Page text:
Then, in June 2022, the Government announced its intention to reduce the number of Music Hubs nationally from 116 (roughly analogous to the county music service network they replaced) to 43, effective this year, in April, theoretically. This came after, and in direct contradiction of, consultation in the sector and analysis of the data received from the Hubs over their 10-year existence that this would be the worst of all given options for a restructuring of the network.
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In the final year of the last Labour Government, funding for the County Music Services ran at £82 million annually, a figure that the incoming Coalition Government pledged to match, which it nearly did (£79 million) – a figure that remains today. Yet £80 million in 2010 is equivalent to £120 million in 2024, so the continued grant of £79 million is not only, in real terms, a significant cut, but the Government is now asking, for this same £79 million, for 43 Hubs to do the work and reach of the 116.
There is not one shred of evidence that the slimming down of the provision network will improve anything. The reduction of Hubs is a cost-cutting exercise dressed up as rationalisation. Nothing about this change will help a single child’s participation in music, though much in the National Plan for Music Education, of which it was a part, was welcomed, outlining as it did a strong case for musical opportunities and pathways to be made available to all children in English schools.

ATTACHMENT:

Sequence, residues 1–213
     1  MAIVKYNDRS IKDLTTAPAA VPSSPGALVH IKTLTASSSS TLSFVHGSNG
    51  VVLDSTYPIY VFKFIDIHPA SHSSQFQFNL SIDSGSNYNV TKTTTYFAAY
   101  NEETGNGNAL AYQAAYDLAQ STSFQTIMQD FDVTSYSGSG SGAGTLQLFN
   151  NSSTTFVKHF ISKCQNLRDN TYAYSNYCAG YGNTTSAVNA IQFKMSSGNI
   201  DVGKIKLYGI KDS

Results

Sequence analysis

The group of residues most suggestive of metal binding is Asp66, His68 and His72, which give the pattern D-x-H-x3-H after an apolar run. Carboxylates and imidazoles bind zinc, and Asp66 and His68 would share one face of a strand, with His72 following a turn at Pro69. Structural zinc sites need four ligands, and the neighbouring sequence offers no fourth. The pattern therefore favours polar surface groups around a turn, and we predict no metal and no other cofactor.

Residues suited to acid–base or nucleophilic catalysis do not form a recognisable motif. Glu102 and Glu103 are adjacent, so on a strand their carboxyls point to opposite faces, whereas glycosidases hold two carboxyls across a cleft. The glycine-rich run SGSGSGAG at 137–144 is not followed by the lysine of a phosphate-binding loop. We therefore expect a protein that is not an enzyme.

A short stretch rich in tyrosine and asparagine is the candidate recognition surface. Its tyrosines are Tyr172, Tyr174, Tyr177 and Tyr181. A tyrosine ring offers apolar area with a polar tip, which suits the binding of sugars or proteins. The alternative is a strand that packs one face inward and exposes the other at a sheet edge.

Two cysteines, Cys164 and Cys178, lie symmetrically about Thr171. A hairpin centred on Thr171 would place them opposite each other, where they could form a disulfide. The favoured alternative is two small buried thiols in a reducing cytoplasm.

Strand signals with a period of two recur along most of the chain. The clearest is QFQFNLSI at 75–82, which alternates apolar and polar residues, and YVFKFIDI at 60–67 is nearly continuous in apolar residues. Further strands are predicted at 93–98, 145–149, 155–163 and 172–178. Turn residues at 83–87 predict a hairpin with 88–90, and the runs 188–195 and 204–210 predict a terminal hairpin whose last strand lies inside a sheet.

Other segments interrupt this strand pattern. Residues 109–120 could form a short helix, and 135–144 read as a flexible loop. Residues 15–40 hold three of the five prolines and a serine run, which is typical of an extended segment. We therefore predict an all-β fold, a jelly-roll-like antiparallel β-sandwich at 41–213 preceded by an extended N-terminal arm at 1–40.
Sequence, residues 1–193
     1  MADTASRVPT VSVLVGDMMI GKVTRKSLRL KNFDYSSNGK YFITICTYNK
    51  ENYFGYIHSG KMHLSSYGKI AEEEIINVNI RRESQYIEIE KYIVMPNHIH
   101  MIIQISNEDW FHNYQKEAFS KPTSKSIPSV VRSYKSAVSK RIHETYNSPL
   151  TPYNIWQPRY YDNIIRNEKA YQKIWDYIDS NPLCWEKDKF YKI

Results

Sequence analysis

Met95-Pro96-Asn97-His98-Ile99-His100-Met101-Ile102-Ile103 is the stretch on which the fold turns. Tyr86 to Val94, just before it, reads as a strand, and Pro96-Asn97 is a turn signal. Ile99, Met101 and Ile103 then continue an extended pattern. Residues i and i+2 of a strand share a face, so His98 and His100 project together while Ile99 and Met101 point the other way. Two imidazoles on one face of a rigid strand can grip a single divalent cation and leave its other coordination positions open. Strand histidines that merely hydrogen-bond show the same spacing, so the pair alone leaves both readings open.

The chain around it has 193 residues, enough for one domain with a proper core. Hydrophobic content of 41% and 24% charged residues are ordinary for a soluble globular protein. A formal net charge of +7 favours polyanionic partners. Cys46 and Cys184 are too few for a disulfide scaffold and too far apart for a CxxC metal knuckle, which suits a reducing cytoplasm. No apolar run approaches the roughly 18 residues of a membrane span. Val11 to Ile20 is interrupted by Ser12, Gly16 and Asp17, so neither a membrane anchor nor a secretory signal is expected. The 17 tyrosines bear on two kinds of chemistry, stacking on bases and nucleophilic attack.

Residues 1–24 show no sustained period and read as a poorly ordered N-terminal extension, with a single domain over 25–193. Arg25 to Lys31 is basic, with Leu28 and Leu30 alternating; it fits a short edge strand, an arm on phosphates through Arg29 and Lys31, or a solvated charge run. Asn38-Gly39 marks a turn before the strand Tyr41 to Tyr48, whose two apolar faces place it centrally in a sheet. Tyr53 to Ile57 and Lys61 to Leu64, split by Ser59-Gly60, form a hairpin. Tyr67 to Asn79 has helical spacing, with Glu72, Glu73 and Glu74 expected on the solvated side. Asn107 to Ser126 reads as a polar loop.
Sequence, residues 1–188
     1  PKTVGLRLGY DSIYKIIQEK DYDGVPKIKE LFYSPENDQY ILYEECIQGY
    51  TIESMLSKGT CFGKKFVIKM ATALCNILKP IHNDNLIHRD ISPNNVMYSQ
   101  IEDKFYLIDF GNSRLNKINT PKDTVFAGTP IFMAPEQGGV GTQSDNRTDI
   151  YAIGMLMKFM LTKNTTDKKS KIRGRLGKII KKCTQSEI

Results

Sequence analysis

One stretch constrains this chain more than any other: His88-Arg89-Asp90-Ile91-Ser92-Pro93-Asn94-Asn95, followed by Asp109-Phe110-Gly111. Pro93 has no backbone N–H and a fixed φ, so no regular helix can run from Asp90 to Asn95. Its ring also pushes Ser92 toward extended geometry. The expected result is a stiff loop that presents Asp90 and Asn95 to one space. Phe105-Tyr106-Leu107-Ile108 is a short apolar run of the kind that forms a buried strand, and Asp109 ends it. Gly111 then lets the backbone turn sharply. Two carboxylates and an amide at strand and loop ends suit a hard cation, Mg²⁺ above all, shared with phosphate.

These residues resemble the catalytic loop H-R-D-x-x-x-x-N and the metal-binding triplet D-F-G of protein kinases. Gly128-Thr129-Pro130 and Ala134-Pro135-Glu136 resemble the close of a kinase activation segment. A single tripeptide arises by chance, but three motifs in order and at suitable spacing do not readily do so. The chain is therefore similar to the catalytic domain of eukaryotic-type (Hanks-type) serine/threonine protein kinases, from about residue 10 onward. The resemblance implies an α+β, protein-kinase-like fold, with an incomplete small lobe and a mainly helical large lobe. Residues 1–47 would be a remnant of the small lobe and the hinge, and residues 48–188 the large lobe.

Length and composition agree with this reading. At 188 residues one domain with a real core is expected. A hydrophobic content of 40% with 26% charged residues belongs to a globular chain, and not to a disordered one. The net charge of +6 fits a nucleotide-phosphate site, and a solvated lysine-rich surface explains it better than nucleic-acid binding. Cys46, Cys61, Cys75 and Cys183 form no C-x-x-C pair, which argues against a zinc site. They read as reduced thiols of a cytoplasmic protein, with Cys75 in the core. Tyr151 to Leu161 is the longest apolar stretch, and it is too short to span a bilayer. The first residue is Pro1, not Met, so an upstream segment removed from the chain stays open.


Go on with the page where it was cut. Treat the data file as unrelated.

The transforming of the County Music Services into Hubs coincided with Gove’s radical overhaul of the national curriculum at the Department for Education. Gove was warned by almost everyone involved in cultural education that his pet project – what became the English Baccalaureate (EBacc) – would decimate creative subjects in state schools. His department ignored this advice (he and Dominic Cummings haughtily described the educators who challenged their reforms as “the Blob”) and went ahead with the five-subject scheme.
Sure enough, since its introduction (and that of its bedfellow, Progress 8 assessment), the uptake of GCSE Music has dropped from 7% of the overall cohort to 4% of the cohort. The drop at ‘A’ Level Music is of a similar magnitude. Ditto other arts subjects. These are stark figures.